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Foreign Policy Powers of the President & Congress

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  • 0:03 Presidential Powers
  • 3:50 Congressional Powers
  • 6:32 Lesson Summary
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Lesson Transcript
Instructor: Shawn Grimsley
In the United States, both the president and Congress have influence over the development and implementation of foreign policy. In this lesson, you'll learn about the powers that the executive and legislative branch exerts over foreign policy.

Presidential Powers

Imagine that you are the president of the United States. As president, your job requires you to protect the economic, military, ideological, legal, and cultural interests of the United States. This is often collectively referred to as protecting and advancing the 'national interest.' You do this, in part, through development and implementation of foreign policy.

As the leader of a democratic republic, you do not have absolute power to accomplish your foreign policy. Your actions and power to implement foreign policy are bound by the rule of law. Your greatest source of authority to conduct foreign policy is found in the United States Constitution.

Article II of the Constitution provides the legal authority for the president's implementation of foreign policy. Let's take a look.

The Constitution grants the president the power to make treaties and appoint ambassadors subject to the advice and consent of the Senate. In other words, you have the power to engage in negotiations with other countries and appoint ambassadors to represent the government in dealings with foreign powers.

It's also generally acknowledged that the president has the power to recognize foreign countries - the acknowledgment of their right legal right to exist as a member of the international community. Moreover, presidents have asserted constitutional authority to make executive agreements with a foreign government. For example, some trade agreements have been made by way of executive agreements instead of treaties. Executive agreements don't require Senate ratification.

Article II also gives you important power relating to legislation. Remember, all government action must be based on the Constitution or a duly enacted law. Article II gives you the power to recommend legislation to Congress that advances foreign policy as well as your power to veto legislation that you believe is against the national interest are also important constitutional powers of the president.

Another very important power is the 'executive power' bestowed on the president in Article II. This power, when combined with your duty to see that the laws be faithfully executed, gives you, as president, a very broad range of implied power - power that is not expressly stated in the Constitution but has been implied as necessary to fulfill your responsibilities. The manifestation of this power is the executive order. An executive order is a presidential directive that either implements or interprets a federal law, a provision of the Constitution, or a treaty and is used to regulate the behavior of executive agencies and those working for them. In fact, through much of history, presidents have been given quite a bit of deference in foreign policy matters.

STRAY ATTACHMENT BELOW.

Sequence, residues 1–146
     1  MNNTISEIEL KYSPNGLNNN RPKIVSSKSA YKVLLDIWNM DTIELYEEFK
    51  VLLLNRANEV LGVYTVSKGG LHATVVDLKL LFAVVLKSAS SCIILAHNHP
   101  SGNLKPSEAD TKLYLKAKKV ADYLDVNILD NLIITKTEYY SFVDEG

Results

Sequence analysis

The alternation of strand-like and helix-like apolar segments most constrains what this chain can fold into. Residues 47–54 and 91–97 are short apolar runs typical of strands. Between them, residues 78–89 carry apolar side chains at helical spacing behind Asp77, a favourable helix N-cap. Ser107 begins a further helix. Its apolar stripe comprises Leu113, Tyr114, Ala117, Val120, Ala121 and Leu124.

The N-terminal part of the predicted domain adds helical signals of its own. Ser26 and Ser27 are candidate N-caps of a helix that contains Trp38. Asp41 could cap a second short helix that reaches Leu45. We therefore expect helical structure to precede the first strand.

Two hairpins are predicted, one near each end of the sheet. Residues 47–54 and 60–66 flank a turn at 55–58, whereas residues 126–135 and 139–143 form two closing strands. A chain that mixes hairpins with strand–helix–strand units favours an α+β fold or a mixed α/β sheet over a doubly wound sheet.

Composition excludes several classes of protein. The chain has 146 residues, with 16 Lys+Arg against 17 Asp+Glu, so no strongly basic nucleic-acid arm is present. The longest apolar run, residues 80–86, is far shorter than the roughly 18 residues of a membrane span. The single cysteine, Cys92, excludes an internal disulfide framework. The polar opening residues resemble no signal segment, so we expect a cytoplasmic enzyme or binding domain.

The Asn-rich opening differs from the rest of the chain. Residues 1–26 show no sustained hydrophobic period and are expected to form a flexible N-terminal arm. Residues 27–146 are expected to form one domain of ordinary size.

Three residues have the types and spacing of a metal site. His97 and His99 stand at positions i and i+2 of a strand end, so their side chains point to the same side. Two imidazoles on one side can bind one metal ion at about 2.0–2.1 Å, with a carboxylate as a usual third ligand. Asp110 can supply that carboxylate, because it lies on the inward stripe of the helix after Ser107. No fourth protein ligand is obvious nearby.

Of course, your constitutional role as commander-in-chief of the armed forces gives you a great deal of power to implement foreign policy. This means that you are the head of the military. You can send the armed forces abroad to protect the national interest and to project power to send a message. While you don't have the power to declare war, you do have the authority to initiate limited military action without congressional approval in certain circumstances. In fact, the United States hasn't formally declared war since World War II. All military actions taken since then have been initiated without a congressional declaration of war.

Congress has tried to limit your power to engage in military action without its approval by enacting the War Powers Resolution. The constitutionality of this law has never been tested in court. Even though presidents have asserted authority to send in troops regardless of the law, past presidents have generally complied with its provisions.

Congressional Powers

Of course, there are 535 other people that have a say in the formulation of foreign policy according to the United States Constitution - the members of Congress. Let's take a quick look.

Congress is obviously a legislative body, and the laws it enacts can directly or indirectly influence foreign policy. Probably the most influential legislative activity Congress has over foreign policy is the power to appropriate money. In other words, Congress decides how much the government can spend and what it can spend the people's money on. For example, Congress will determine the level of spending for defense, intelligence, and funding the Department of State's diplomatic activities and embassies. Likewise, Congress determines which countries get financial aid and how much they get.

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